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Best tomato cages: Six picks from the pros

Tomato ladder croppedBrandywine or San Marzano? Cherokee Purple or Early Girl? Once you get past the questions of what kind of tomatoes to plant, you quickly reach question No. 2: What kind of support is best? We surveyed six L.A. garden pros about their favorite tomato cage and got six different answers, including some clever tweaks on garden-store staples:

Tomato cage DaigreScott Daigre: The owner of Powerplant Garden Design in Ojai and the organizer of the Tomatomania! events said tomato vines are more flexible than you might think.

He wrote an article titled “Your Tomatoes Deserve Better Support” for Fine Gardening magazine last year in which he explained how he likes to train tomato plants across trellises made of concrete reinforcing wire or heavy galvanized animal fencing, often called hog wire, sold at feed stores.

The effect is a bit like espalier — a sort of living fence, a surprisingly elegant strategy for corralling one of summer’s most gangly crops.

(Photo credit: Scott Daigre)

 

Tomato cage Rhett Beavers croppedRhett Beavers: The Los Angeles landscape architect offered his own artwork to illustrate his design.

“I take the standard cages and stack them, using a bamboo pole as a support,” Beavers said.

His arrangement of basic, cone-shaped cages was born out of his method for planting tomatoes: Seedlings go in a deep layer of compost — so deep that “they develop roots along the stem that would normally be above ground. With all the new roots to support the plant, the plants grow really tall.”

The stacked tower accommodates the plants' height and helps to give a new look to a common form.

For more pros' favorites, keep reading ...

  

Tomato cagesNicholas Staddon: The director of the new plants team for grower Monrovia likes those traditional cone-shaped cages with three prongs to anchor in the ground. When tomatoes no longer need the support, he uses the cages for kiwi, raspberries, clematis, honeysuckles — all sorts of vines. You can turn vines into shrubs by letting them grow on these cages, he said. In his yard, they become resting spots for birds, particularly hummingbirds. The cages now come in all kinds of colors, as pictured here, but Staddon said he goes with the basic unfinished gray. (Photo credit: Glenn Koenig / Los Angeles Times)


Tomato cage ladder 2Ivette Soler: “I make my own from rebar and concrete reinforcing mesh, but I do recommend these tomato ladders from Gardener's Supply all the time.” said Soler, the L.A. garden blogger behind thegerminatrix.com.

The ladders (pictured at right and in detail at the top of the post), are modular, so each 32.5-inch-tall piece can be used individually or stacked.

They’re sturdy — made of steel that’s heavier than the cages you typically see in garden centers.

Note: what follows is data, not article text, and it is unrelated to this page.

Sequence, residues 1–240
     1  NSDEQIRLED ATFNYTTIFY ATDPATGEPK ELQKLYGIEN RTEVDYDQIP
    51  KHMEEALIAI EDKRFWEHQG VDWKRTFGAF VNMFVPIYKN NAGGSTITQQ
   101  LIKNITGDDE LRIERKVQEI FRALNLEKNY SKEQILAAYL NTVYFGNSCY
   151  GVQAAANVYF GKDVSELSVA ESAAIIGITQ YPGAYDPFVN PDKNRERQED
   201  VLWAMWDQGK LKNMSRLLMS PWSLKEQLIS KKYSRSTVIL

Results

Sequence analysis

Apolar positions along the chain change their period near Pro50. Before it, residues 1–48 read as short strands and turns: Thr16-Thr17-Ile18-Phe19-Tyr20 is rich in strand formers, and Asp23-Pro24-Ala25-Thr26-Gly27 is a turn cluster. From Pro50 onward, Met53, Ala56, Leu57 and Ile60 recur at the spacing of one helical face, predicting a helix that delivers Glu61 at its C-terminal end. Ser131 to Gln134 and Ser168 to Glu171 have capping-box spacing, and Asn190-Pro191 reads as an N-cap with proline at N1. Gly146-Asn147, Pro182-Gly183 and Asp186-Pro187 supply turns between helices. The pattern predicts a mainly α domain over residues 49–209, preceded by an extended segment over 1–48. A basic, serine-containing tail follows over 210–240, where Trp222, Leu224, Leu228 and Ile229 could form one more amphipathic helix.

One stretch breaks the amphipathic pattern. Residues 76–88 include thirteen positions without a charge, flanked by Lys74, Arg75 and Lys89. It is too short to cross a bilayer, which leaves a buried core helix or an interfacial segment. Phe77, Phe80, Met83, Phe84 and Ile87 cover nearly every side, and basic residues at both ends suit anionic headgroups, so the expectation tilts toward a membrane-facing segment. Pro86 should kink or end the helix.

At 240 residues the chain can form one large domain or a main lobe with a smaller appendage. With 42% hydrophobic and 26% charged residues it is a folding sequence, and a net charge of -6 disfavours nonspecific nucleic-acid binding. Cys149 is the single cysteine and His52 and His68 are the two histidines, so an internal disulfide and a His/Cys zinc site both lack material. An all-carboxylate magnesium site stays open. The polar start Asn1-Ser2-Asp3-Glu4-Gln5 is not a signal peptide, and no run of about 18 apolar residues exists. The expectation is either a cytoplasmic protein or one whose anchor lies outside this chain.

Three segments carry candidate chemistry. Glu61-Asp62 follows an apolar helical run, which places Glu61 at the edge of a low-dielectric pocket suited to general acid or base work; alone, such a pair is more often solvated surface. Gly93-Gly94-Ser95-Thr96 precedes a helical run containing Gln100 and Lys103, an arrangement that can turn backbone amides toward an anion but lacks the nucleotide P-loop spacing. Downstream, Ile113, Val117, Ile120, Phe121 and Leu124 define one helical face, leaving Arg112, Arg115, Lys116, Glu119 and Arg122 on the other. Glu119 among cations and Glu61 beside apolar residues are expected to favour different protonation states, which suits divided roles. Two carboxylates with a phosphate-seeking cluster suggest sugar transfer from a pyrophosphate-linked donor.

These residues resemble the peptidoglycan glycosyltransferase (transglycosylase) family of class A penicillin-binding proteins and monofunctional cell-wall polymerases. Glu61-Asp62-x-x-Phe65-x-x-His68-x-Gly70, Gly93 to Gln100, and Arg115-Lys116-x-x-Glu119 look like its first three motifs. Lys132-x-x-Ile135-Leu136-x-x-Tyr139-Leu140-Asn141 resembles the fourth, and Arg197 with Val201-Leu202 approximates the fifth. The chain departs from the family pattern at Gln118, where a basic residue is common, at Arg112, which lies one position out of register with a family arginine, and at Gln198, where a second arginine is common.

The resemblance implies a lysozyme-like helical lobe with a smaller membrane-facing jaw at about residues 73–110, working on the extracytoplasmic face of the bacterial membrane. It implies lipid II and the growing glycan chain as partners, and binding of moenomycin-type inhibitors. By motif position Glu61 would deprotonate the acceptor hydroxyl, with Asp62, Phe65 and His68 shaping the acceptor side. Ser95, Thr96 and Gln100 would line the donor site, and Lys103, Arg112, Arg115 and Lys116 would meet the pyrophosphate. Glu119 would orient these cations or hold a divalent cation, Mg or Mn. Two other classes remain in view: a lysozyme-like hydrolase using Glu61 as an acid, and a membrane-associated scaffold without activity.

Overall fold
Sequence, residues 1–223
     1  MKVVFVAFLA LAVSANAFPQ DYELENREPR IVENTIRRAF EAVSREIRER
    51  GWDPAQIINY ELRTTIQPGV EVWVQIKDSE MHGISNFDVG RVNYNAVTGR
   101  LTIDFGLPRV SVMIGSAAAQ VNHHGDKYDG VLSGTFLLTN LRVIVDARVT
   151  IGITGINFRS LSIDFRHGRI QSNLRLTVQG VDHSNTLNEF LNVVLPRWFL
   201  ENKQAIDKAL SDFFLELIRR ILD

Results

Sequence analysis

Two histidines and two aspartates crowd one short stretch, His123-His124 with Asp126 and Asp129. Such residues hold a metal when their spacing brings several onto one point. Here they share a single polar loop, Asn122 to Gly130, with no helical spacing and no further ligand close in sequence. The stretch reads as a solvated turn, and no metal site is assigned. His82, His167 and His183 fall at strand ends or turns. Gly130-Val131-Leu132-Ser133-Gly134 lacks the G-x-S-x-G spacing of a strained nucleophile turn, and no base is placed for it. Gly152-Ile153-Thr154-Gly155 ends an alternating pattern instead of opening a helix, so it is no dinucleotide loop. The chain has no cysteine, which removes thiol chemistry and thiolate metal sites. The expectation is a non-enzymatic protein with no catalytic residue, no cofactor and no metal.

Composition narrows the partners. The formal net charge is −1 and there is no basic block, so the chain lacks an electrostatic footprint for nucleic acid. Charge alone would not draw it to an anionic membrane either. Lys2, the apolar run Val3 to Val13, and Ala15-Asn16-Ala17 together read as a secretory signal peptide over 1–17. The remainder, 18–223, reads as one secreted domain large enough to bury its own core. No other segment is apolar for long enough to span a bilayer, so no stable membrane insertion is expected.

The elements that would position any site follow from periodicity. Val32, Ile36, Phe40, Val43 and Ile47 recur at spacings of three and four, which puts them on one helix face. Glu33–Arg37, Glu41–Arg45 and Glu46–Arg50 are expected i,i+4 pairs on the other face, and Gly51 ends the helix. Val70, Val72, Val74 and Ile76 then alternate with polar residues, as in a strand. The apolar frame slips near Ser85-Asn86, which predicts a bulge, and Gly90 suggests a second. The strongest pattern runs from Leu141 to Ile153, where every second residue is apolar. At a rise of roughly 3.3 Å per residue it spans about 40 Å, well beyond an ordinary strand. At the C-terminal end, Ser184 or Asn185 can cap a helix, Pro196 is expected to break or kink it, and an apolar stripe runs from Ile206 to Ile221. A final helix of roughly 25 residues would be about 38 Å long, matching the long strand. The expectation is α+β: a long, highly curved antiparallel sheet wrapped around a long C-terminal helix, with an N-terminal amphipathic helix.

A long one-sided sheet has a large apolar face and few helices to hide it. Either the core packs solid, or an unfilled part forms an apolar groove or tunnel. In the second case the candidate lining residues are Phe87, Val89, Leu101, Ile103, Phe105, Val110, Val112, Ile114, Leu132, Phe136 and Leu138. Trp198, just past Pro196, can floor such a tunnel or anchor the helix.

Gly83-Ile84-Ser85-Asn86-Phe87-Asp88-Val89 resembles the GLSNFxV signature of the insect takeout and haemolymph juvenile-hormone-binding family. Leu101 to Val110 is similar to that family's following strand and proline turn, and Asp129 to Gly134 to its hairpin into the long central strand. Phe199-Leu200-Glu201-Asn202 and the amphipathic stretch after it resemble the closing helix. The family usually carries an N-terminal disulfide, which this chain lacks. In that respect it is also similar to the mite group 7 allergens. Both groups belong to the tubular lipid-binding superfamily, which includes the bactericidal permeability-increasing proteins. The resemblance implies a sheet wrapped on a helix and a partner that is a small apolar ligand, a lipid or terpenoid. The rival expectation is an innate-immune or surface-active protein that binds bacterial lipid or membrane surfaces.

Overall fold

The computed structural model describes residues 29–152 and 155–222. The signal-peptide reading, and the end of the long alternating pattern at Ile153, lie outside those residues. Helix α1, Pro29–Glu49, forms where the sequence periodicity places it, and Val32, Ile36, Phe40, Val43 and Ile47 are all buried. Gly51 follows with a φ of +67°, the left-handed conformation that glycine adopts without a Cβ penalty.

And they’re powder-coated with a weatherproof finish that’s colorful (available in red or green) and attractive while the plants are young.

Price: about $50 for a set of six.

(Photo credit: Gardener's Supply Co.)

 


Tomato cage Savio 2Yvonne Savio: The manager of the UC Cooperative Extension’s Common Ground Garden Program said her favorite design is a square cage that is connected at all corners but is still able to fold flat. Alas, the design appears to be no longer commercially available.

“The ones that are currently available have one open connection that doesn’t always keep shut,” she said.

So Savio makes do in various ways. For some plants she stacks square cages as double-deckers with a pole driven deep into the soil in one corner. For extra stability, she secures another pole horizontally between cages with recycled-plastic ties. (Photo credit: Yvonne Savio)

John Lyons: The garden consultant and instructor behind www.thewovengarden.com said he couldn't find a tomato cage that he liked in stores, so he is designing and fabricating metal tuteurs for his clients. The design is meant to provide “an architectural element to the vegetable garden” as well as “hold the plant through the entire season without keeling over.”

Every year the L.A. at Home crew is amazed by the passion with which readers try to perfect the art of growing tomatoes. The zeal comes a close third behind that of dog lovers and cat lovers. (Sorry, felinophiles, but yes, you are second. But a close second). So let the tomato cage debate begin: Send us your homespun tomato-support solution to [email protected]. We'll post some submissions in the weeks to come.

Corrected: An earlier version of this post included a photo with the description of John Lyons' metal tuteurs. Lyons has since said he accidentally sent a photo of the wrong design, so we have deleted it from the post. When we receive a new photo showing Lyons' design, we will add it.

ALSO:

Heirloom tomato tips

How to prune tomatoes

— Craig Nakano

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